Be a Nose by Art Spiegelman

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Be a Nose
By Art Spiegelman

artspiegelmanbeanose1During an interview last year, I asked Art Spiegelman, “how much do you work?” It was, I suppose, a slightly (just slightly) more tactful way of saying, “what do you do all day?” Tact or no, it surely wasn’t the first time the artist had been asked the question.

All of the standard (and largely deserved) genius talk aside, Spiegelman has become, perhaps, somewhat infamous for a sporadic approach toward book releases. Maus’s two volumes were released in 1986 and 1991, respectively. Save for his work for the New Yorker and a kid’s book in 1997, that was the last any of us heard from the artist until 2004’s In the Shadow of No Towers.

Spiegelman answered my question honestly, if not especially satisfactory. “I’m writing things,” he explained. “I’m taking notes. Sometimes they coalesce, sometimes they don’t and then there’s just a lot of grunt work involved in every project.” If the preface to Be a Nose is to be believed, the more accurate answer is, “turning scraps into art.” Envelopes and matchbooks and phone books. The artist’s explanation in this case, however, is not an attempt to justify exactly how he whiles away his waking hours, but rather to explain why he doesn’t keep sketchbooks.
This may seem like a slightly futile act, in light of the fact that it’s an introduction to a three-volume collection of Spiegelman’s sketchbook work, but, as anyone who has ever read through, say, Chris Ware’s work in the space can tell you, sketchbooks are, among other things, an opportunity to celebrate an artist’s insecurities and various other neuroses. By that measure, Be a Nose succeeds wildly.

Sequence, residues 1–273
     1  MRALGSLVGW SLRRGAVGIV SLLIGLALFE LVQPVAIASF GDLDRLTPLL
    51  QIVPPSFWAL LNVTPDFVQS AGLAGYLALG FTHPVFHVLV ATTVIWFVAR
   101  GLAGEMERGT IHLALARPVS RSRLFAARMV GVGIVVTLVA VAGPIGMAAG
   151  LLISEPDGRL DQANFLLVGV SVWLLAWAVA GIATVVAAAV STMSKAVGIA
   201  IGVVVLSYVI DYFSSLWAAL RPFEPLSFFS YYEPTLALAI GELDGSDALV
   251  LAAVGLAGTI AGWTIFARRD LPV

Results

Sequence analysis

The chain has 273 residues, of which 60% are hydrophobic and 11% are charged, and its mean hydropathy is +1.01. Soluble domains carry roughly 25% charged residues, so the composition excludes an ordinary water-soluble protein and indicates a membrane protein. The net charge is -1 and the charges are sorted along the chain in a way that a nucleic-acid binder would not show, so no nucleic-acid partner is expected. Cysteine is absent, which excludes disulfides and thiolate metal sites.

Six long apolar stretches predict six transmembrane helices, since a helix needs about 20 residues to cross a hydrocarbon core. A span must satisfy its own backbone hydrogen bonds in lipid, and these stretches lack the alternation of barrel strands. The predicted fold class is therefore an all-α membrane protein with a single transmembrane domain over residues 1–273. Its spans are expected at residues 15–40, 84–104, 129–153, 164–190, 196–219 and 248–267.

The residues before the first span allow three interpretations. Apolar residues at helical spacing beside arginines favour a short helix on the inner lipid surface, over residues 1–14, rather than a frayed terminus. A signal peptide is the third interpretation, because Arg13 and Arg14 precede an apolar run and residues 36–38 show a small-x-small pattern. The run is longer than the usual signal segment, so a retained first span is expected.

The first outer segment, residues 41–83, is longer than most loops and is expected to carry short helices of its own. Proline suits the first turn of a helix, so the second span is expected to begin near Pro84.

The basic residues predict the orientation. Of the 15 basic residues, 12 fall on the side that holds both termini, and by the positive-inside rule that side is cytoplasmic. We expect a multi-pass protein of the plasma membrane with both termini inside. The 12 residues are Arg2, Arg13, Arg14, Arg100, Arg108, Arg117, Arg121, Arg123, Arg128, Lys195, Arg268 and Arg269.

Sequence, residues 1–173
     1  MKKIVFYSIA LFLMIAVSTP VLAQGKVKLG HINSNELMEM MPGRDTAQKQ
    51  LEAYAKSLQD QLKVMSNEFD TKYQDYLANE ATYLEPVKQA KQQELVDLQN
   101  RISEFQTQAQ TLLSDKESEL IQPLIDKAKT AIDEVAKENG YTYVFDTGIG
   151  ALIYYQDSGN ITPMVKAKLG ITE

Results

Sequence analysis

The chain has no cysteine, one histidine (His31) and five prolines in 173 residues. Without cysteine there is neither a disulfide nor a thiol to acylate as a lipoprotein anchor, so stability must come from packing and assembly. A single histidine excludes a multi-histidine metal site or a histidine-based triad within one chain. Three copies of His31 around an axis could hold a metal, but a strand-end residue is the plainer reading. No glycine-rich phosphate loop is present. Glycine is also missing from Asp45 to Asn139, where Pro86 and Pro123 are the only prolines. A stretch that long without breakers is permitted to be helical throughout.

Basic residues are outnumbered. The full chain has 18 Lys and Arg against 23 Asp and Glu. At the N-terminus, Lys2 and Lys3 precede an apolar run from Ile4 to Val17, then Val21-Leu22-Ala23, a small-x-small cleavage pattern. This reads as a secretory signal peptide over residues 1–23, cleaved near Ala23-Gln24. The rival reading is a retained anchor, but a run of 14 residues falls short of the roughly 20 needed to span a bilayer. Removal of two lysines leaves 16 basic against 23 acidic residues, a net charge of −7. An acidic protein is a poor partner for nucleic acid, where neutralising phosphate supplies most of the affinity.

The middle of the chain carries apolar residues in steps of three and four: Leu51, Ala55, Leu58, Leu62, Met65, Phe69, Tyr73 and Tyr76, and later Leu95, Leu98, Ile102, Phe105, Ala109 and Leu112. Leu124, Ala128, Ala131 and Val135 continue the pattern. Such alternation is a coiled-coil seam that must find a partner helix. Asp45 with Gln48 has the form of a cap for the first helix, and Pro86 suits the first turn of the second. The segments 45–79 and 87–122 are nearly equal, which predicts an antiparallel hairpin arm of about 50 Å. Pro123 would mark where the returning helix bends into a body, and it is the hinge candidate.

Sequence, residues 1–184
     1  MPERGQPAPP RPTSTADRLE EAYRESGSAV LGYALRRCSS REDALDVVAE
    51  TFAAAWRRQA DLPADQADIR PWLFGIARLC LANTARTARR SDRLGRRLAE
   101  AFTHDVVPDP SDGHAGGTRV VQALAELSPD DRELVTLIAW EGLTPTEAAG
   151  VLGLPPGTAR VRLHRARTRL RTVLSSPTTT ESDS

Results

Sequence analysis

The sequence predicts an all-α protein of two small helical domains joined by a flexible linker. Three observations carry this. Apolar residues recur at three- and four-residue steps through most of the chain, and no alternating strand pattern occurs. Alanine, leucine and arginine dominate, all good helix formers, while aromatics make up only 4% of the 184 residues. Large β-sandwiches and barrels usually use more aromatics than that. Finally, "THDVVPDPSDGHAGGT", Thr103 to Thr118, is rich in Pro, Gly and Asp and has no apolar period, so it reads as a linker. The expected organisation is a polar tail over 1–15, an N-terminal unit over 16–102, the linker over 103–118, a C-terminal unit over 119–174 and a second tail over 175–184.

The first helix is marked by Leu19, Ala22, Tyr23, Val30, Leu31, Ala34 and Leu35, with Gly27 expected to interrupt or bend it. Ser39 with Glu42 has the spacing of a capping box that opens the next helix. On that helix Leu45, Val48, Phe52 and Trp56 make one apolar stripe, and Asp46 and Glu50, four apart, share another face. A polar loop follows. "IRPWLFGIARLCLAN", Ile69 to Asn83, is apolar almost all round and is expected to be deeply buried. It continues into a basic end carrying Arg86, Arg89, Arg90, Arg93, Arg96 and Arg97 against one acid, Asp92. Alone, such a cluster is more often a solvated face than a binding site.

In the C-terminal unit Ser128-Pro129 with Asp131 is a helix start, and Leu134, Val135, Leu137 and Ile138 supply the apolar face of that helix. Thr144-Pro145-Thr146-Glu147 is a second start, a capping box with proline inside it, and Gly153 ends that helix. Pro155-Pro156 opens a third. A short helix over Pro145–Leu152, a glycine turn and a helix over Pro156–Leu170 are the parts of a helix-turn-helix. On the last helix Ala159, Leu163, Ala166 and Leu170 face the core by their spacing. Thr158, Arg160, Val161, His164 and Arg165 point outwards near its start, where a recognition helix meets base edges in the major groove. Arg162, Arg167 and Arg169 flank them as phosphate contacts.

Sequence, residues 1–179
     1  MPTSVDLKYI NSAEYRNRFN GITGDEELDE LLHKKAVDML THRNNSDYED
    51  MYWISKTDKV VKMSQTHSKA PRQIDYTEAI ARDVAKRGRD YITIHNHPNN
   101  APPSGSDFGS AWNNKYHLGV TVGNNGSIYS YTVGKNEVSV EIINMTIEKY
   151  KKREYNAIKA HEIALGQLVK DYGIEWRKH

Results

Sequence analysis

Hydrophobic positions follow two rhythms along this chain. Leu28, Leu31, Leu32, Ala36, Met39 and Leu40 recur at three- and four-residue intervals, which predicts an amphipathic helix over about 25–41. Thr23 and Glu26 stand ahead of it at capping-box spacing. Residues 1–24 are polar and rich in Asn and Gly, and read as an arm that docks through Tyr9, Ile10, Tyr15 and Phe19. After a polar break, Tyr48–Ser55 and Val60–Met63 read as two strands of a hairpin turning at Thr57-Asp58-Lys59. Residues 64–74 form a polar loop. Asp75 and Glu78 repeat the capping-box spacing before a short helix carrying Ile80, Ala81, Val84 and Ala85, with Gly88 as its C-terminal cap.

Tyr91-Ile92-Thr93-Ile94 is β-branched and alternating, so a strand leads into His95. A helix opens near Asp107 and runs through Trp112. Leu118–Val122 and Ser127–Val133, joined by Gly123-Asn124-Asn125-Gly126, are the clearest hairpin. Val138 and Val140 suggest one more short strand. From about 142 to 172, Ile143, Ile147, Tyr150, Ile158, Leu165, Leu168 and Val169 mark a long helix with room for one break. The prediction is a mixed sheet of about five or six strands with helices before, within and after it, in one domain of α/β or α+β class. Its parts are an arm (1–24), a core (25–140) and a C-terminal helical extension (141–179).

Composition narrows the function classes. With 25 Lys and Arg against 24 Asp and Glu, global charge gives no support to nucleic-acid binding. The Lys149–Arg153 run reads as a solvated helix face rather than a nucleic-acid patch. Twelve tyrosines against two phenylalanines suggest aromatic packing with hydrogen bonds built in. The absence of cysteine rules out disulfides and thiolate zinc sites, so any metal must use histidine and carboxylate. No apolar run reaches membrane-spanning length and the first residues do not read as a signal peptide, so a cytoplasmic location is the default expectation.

The name itself is an allusion to the futility of being a cartoonist. As Spiegelman explains in a sketch in the collection’s second book (simply titled “A”), he’s found something of a kindred spirit in the murdering protagonist of Roger Corman’s 1959 comedy-horror Bucket of Blood, who screams out the collection’s title attempting to fashion a nose out of a block of marble. “That’s what drawing comix is like…starting with a word in your head and desperately tring to turn that into a ‘word picture.’ ”

An even more blunt example comes earlier in that same volume, a self-portrait featuring a tiny, withered Spiegelman cowering inside a prouder, taller version of himself, bearing the caption “megalomaniac with an inferiority complex.”

Such neuroses manifest themselves more positively in “Nose,” in the form of a creative restlessness. Drawn during the height of Raw, these works bear the influence of the magazine’s artists like Charles Burns and Gary Panter on their sleeve. Contemporary fine art has also clearly left its share of influences on the work, the most diverse and colorful of the three books, which looks like the work of a different artist on nearly every page.  If “Be,” the first of the three books, drawn in 1979, is the work of an artist attempting to find his style (while hinting at what would later become Maus) drawing upon contemporaries like Robert Crumb, then 1983’s “Nose” displays the desire to graduate beyond that.

Together, these three books prove a schizophrenic journey into the mind of its creator, but that, after all, is the point of releasing a sketchbook for mass consumption (well, as mass as a $29 McSweeney’s sketchbook could possibly be). This is a collection of unfinished concepts and abandoned ideas—the creative scraps that, only on occasion, grow up to be a nose.

–Brian Heater

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